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Day two of David Pecker testimony wraps in NY Trump trial; Supreme Court hears arguments on Idaho's near-total abortion ban; ND sees a flurry of campaigning among Native candidates; and NH lags behind other states in restricting firearms at polling sites.

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The Senate moves forward with a foreign aid package. A North Carolina judge overturns an aged law penalizing released felons. And child protection groups call a Texas immigration policy traumatic for kids.

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Wyoming needs more educators who can teach kids trade skills, a proposal to open 40-thousand acres of an Ohio forest to fracking has environmental advocates alarmed and rural communities lure bicyclists with state-of-the-art bike trail systems.

NY lawmakers demand EPA dredge Hudson River again

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Friday, February 23, 2024   

New York lawmakers are calling on the Environmental Protection Agency to keep dredging the Hudson River.

Sen. Kirsten Gillibrand, D-N.Y., sent a letter to EPA Administrator Michael Regan, asking him to accept findings the agency's earlier dredging efforts failed.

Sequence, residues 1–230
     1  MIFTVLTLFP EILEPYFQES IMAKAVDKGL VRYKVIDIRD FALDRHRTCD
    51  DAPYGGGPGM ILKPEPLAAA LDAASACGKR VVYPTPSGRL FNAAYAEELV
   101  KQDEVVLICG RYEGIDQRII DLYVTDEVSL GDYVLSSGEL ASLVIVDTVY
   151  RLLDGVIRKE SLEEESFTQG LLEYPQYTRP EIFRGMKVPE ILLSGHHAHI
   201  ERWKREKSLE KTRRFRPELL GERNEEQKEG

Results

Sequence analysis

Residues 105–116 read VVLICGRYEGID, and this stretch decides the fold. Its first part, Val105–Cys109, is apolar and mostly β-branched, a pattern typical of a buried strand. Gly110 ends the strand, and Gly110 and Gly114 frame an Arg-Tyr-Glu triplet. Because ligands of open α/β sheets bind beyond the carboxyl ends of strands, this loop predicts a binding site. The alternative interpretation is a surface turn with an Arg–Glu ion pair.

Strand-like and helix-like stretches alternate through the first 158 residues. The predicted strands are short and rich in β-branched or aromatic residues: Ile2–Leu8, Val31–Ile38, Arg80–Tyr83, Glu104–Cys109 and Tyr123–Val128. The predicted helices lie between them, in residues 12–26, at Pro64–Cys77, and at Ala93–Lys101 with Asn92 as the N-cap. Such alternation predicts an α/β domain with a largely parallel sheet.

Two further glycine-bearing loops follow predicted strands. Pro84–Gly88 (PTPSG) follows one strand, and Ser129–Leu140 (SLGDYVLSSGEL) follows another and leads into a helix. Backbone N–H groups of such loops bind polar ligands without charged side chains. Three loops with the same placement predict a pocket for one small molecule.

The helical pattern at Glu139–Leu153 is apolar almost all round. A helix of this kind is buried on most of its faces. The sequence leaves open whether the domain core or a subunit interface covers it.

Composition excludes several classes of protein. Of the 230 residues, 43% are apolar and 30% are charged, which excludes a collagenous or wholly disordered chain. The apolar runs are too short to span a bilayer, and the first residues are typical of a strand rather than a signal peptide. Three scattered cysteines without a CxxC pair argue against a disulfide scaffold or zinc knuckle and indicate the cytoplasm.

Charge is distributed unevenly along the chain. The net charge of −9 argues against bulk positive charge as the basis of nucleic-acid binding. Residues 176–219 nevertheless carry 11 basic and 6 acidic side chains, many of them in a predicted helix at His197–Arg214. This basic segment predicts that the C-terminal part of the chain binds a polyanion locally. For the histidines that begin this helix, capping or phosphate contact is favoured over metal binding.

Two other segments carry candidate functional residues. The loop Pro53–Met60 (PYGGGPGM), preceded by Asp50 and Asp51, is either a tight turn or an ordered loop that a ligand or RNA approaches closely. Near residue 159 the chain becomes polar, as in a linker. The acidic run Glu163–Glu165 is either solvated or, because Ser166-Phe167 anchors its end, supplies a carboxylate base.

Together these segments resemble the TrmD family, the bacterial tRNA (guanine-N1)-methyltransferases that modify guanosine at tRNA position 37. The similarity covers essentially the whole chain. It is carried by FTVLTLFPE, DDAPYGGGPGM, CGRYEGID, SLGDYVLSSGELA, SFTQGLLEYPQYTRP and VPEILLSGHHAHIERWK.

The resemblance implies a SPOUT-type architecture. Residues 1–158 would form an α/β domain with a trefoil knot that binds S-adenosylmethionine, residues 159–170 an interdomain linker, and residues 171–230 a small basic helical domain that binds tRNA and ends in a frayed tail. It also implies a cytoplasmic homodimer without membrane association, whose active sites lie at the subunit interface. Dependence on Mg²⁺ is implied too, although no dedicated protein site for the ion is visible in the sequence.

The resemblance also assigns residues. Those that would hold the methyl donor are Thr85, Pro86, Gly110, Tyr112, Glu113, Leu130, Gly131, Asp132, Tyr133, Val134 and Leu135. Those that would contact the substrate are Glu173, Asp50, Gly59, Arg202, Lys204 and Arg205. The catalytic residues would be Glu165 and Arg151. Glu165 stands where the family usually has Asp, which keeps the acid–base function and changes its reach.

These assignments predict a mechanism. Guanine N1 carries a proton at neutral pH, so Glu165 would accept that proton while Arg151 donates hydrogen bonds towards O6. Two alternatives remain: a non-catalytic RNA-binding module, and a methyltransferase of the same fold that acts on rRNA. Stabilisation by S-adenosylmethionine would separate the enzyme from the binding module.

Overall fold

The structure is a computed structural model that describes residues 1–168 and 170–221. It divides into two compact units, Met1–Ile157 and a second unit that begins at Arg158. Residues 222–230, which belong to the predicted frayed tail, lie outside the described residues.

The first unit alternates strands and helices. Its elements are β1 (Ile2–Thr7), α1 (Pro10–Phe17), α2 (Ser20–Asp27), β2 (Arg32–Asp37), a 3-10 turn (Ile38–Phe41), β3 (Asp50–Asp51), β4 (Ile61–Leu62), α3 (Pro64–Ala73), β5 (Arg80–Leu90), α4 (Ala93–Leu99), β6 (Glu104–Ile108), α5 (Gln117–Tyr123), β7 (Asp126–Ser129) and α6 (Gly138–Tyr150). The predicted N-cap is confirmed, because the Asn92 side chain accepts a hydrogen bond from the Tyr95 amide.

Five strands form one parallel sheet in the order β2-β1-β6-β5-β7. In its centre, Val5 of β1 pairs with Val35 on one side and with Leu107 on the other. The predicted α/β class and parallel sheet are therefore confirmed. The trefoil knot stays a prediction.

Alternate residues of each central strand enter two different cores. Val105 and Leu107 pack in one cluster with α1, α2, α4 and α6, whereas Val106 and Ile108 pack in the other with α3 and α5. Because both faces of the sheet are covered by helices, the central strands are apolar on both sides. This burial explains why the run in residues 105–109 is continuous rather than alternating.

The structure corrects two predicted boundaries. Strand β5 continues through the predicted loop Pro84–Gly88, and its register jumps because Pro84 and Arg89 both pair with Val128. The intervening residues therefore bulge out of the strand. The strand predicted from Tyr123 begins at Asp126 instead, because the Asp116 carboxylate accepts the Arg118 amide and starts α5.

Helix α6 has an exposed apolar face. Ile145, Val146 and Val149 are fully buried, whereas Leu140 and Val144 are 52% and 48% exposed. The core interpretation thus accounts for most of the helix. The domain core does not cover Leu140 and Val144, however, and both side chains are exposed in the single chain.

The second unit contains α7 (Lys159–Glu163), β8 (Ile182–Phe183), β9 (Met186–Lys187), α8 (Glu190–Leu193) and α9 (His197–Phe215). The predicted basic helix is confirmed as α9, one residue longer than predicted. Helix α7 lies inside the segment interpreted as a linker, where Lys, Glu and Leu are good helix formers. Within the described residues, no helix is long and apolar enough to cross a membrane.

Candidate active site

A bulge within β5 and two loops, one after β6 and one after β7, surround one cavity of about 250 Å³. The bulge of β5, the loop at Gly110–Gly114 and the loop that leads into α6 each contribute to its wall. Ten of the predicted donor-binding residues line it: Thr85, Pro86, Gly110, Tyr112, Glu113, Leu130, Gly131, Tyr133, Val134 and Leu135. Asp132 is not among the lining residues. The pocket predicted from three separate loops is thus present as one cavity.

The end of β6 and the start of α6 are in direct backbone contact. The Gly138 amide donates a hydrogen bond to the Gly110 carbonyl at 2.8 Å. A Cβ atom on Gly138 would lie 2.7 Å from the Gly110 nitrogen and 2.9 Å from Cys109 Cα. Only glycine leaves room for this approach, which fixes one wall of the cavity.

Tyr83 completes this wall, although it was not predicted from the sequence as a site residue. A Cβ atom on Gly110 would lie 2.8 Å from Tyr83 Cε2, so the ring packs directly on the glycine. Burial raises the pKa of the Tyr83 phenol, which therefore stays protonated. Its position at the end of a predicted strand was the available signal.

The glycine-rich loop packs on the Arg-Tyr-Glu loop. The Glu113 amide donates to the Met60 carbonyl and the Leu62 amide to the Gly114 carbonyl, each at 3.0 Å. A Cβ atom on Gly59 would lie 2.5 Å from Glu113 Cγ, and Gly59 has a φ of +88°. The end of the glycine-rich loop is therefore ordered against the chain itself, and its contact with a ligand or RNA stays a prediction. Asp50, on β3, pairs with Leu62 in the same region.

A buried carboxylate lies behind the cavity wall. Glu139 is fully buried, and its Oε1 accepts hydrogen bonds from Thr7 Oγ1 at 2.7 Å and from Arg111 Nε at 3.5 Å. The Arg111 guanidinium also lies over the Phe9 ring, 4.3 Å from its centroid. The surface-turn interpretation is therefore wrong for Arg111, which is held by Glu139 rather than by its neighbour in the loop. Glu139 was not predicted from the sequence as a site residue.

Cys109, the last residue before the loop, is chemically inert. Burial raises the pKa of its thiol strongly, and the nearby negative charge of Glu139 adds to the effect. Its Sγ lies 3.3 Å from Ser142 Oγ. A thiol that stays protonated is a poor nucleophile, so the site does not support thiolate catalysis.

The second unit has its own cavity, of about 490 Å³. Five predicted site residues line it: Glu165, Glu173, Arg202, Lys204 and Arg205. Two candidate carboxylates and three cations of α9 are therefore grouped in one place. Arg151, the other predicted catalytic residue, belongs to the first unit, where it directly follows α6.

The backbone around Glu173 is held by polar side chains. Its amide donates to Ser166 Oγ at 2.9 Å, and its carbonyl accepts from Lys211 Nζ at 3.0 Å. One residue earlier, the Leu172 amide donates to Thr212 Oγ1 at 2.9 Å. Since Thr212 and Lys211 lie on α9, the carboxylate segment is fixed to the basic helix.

Levels of polychlorinated biphenyls, or PCBs, dumped into the river by General Electric are still high, making the water hazardous for nearby municipalities using it as a primary drinking water source.

Ned Sullivan, president of the nonprofit Scenic Hudson, worries about the health effects of the chemicals.

"It is associated with cancer, neurological and respiratory disorders," Sullivan outlined. "The primary pathway for human exposure is eating fish. This is a big deal, because there are people who are continuing to subsist on Hudson River fish."

The EPA has warned against eating fish caught in the river between Troy and Hudson Falls. An assessment by the group Friends of a Clean Hudson River found current sediment recovery rates will not allow for natural recovery in fish. General Electric completed two of three sediment collection programs last year. A third program, to collect deeper samples, takes place this year.

Other agencies have accepted the dredging failed. In 2015, the National Oceanic and Atmospheric Administration reported General Electric did not do enough dredging. Sullivan contended the primary reason previous efforts failed is they were not extensive enough.

"Even before the cleanup was undertaken, it was known and public that there was roughly twice the amount of contamination that the cleanup plan was based on," Sullivan pointed out.

Once the EPA accepts the findings, the agency can examine different options for remediating the river, which will most likely be more dredging. However, Sullivan added it could change with emerging technologies.


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